A halogen is any of a group of chemically related, highly reactive, nonmetallic elements (see nonmetal) that fall in group VIIA of the periodic table. The halogens are:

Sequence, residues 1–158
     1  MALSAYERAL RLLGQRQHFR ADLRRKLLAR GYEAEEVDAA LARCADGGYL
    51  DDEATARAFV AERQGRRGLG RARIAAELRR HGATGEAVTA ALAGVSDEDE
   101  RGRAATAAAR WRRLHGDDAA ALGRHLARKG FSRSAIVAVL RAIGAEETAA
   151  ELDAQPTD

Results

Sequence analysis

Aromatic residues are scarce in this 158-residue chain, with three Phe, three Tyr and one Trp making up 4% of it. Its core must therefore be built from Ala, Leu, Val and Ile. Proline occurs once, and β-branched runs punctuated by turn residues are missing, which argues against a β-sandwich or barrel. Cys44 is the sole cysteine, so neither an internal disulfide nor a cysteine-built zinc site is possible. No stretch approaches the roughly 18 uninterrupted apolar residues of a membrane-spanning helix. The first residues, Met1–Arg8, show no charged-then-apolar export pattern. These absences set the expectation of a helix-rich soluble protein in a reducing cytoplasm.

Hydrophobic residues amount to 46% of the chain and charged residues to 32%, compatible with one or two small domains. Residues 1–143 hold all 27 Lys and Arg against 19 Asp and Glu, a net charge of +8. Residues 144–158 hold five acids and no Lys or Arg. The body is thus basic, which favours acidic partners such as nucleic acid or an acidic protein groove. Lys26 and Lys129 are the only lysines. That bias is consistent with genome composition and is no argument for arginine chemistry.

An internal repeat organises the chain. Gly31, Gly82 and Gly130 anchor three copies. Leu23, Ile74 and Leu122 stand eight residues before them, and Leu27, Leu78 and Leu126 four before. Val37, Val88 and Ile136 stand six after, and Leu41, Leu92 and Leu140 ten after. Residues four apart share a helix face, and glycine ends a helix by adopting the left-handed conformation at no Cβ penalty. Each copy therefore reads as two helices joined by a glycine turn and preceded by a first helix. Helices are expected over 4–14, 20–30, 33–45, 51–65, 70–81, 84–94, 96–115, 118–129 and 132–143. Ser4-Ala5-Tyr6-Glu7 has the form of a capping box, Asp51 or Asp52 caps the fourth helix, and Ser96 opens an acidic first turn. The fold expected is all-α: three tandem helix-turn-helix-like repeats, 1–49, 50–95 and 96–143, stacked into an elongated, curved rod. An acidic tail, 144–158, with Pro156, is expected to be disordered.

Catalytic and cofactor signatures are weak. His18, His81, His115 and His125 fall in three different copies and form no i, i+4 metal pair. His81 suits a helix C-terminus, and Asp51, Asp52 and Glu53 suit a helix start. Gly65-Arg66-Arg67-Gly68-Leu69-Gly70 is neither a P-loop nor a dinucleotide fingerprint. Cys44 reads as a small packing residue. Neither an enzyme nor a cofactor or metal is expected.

The typical compounds of the halogens are the halides (containing negative ions of the type F- (fluoride) and Cl- (chloride)), with oxidation number -1; compounds with positive oxidation numbers (usually 1, 3, 5, and 7) are also formed, with increasing stability down the group. The halogens react vigorously with almost all other elements and with organic compounds because they require only one electron to achieve a stable noble gas configuration; for this reason they always occur combined in nature. The name "halogen" means "salt-producer."
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